XILS-lab breathes virtual life into prototyped EMS VCS4 analogue matrix modular monster
“XILS 4: a life-changing tool… absolutely 100 percent indispensable modular heaven!” – Anthony J. Resta (record producer and multi-instrumentalist)
GRENOBLE, FRANCE: music software company XILS-lab is proud to announce availability of XILS 4 — an authentic software emulation of the legendary VCS4, a ‘dual VCS3’ analogue matrix modular synthesizer prototyped by EMS back in 1969, but never commercially released — as of May 19…
EMS (Electronic Music Studios), a British company founded by the pioneering Peter Zinovieff, made musical history in 1969 with its introduction of the VCS3, the first portable synthesizer commercially available anywhere in the world. Its innovative modular matrix-based patchboard dispensed with the telephone exchange-like cabling of other (much larger) modular systems in favour of making connections with (removable) coloured pins, so it could be comfortably housed in a small wooden (solid afrormosia) cabinet.
Needless to say, the (hi)story of the EMS VCS3 is well documented, with XILS-lab later playing its part in resurrecting its still-sought-after sound with its cost-conscious and award-winning XILS 3 software emulation for Mac (OS X 10.4 and above) and PC (Windows 7, Vista, and XP) proving popular with both first-time buyers beginning a wonderfully in-depth journey into the wonderful world of modular synthesis and also seasoned synth explorers, including renowned sound designer Richard Devine and original VCS3 aficionado Tim Blake (Hawkwind), and even Peter Zinovieff himself, who commented kindly: “A great step forward!”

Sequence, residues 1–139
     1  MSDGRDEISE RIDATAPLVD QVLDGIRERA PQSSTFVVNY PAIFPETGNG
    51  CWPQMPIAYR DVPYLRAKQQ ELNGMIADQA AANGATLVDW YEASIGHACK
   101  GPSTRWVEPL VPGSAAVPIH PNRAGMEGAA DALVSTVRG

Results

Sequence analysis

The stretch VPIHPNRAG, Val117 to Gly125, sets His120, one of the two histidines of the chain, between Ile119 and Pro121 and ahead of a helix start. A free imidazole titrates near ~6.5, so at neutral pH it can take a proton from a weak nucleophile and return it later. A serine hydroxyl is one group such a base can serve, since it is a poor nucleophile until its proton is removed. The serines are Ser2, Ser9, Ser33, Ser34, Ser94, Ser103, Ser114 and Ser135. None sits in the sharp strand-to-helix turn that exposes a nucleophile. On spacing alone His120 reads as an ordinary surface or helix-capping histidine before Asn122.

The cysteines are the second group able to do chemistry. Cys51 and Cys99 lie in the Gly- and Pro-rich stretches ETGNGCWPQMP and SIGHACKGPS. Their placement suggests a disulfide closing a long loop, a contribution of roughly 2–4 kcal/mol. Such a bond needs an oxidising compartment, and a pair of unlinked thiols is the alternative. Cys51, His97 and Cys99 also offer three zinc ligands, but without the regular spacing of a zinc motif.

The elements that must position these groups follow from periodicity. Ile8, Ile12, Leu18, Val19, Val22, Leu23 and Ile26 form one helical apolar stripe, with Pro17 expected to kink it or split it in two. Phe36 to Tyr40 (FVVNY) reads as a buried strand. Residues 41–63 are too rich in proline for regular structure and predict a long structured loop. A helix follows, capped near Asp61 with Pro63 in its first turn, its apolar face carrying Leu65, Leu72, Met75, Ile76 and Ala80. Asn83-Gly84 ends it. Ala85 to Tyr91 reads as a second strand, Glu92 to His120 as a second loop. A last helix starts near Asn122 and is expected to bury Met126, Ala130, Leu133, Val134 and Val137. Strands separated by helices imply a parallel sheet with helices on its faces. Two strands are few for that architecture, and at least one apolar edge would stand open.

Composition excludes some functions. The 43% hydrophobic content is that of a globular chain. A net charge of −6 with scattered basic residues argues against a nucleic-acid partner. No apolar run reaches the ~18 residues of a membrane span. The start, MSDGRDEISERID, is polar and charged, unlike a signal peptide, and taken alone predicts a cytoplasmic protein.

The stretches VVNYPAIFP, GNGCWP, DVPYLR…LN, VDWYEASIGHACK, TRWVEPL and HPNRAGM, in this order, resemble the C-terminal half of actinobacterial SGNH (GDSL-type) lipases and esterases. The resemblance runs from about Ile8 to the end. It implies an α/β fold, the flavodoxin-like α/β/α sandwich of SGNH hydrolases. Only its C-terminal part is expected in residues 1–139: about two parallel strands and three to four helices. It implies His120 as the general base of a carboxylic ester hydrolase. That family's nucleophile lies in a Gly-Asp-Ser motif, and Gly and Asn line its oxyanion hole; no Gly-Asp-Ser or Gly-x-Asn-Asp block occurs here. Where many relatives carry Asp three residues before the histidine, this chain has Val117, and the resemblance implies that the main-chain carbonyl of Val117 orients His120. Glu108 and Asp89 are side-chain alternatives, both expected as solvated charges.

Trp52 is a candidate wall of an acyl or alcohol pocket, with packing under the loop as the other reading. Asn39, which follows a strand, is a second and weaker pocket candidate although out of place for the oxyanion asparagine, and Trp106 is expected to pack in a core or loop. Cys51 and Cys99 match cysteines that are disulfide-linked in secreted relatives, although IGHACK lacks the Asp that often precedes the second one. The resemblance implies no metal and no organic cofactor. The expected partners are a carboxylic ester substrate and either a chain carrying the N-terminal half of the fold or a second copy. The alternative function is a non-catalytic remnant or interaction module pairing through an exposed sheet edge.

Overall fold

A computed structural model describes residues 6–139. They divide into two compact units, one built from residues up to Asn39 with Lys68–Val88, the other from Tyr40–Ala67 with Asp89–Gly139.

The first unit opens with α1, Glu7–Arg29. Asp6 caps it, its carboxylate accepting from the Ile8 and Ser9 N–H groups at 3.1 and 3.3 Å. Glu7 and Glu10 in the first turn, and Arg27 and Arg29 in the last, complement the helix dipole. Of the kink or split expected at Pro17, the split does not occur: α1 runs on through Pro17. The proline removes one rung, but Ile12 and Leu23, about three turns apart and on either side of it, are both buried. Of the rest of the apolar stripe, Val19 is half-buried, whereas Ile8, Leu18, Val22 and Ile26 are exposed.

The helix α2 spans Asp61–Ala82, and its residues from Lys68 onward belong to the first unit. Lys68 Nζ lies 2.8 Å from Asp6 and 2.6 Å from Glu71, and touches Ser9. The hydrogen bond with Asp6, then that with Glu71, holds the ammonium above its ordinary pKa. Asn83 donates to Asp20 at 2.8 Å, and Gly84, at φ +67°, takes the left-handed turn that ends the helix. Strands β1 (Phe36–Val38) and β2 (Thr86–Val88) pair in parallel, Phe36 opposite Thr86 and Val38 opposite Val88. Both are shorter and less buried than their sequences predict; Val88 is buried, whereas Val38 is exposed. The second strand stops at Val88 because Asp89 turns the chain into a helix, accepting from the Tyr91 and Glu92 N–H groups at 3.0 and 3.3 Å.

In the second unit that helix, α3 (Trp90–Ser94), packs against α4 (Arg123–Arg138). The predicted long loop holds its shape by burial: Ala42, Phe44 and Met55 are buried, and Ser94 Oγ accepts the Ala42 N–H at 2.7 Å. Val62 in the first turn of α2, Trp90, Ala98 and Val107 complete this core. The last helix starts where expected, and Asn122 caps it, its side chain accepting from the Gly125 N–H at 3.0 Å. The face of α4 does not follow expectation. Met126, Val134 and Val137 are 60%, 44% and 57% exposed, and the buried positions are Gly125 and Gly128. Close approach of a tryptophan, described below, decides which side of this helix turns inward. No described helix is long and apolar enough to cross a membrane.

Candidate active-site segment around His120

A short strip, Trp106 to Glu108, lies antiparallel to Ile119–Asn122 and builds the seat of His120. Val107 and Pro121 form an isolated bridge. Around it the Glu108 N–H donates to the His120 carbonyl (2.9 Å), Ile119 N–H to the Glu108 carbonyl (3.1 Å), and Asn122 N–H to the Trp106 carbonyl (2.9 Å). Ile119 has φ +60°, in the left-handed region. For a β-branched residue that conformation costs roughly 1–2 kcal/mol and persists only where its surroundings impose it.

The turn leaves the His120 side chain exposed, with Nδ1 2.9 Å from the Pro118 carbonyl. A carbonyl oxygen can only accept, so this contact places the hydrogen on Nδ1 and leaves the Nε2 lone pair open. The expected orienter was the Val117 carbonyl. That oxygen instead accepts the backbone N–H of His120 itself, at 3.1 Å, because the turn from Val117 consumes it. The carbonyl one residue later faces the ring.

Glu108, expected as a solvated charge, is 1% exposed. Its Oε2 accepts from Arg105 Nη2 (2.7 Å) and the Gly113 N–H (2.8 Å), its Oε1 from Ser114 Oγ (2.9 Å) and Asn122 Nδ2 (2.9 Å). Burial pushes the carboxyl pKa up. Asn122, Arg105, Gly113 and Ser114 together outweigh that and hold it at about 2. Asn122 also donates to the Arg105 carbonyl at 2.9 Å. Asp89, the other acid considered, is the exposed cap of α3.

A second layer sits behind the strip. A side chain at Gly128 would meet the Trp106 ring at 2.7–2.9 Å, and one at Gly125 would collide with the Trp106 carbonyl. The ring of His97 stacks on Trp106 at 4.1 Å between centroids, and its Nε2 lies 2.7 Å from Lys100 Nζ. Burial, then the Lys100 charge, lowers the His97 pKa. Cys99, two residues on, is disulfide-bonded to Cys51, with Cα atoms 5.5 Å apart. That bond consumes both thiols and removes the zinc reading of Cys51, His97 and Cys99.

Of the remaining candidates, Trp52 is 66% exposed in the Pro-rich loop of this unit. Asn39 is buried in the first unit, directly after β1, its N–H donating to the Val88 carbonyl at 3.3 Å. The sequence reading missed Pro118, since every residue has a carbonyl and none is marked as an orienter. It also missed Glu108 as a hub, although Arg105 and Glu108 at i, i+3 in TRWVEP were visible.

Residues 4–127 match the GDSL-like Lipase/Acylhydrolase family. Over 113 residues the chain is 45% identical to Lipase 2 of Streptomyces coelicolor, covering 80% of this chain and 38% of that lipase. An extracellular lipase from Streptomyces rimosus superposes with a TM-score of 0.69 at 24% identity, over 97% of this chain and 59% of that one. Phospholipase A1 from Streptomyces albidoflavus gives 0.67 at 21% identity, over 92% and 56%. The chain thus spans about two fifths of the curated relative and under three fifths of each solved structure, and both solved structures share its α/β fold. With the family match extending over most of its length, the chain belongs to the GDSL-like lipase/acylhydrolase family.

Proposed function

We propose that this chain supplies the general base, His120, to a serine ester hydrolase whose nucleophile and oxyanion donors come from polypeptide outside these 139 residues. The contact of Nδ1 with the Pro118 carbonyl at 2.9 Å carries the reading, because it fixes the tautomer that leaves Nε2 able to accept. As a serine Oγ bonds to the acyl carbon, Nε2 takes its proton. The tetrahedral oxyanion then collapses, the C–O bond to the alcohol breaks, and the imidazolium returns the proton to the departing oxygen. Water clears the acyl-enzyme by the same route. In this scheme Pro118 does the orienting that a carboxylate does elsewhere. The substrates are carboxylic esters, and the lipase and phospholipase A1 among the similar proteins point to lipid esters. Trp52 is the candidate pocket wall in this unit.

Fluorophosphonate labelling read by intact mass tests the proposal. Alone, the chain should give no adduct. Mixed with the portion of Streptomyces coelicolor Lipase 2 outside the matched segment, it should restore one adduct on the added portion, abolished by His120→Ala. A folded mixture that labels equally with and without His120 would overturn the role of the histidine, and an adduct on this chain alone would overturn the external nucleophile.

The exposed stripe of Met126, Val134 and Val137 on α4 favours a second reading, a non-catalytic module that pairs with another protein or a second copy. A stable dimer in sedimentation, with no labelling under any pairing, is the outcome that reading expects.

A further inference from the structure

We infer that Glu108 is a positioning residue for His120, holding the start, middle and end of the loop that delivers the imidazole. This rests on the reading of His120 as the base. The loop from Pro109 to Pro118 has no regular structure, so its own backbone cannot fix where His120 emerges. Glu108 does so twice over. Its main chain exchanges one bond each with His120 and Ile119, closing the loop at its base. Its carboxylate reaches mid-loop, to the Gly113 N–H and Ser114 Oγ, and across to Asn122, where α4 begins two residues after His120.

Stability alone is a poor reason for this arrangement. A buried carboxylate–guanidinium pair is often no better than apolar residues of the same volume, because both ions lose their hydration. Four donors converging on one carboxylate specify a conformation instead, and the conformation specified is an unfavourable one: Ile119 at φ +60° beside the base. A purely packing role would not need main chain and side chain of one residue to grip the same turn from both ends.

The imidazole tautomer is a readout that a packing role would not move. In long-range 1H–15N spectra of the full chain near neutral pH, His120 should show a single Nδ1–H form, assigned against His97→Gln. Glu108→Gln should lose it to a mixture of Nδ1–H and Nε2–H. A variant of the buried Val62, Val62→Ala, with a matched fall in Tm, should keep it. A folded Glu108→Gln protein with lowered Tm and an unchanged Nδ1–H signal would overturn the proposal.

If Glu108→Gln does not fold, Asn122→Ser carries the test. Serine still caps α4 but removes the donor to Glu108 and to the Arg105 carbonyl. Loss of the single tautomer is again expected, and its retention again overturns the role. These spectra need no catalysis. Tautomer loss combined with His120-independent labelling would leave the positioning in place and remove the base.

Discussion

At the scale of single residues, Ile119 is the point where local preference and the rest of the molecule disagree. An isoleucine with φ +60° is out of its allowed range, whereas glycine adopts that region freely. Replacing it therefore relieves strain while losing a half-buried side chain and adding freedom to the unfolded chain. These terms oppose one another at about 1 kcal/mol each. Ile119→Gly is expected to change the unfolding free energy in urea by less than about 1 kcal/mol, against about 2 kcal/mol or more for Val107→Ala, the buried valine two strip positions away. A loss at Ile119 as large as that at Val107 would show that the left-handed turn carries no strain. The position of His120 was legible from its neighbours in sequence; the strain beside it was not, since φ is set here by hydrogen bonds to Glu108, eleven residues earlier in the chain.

Not so well documented, though, is the stuff of legend: the 1969-vintage VCS4 was EMS designer David Cockerell’s so-called ‘Live Performance Module’, comprising two VCS3s sat side by side, together with a five-octave keyboard, a mixer, and a signal-processing unit, all housed in a single wooden cabinet. Only one prototype was ever produced, its ear-opening sounds lost in the sands of time… until now, that is!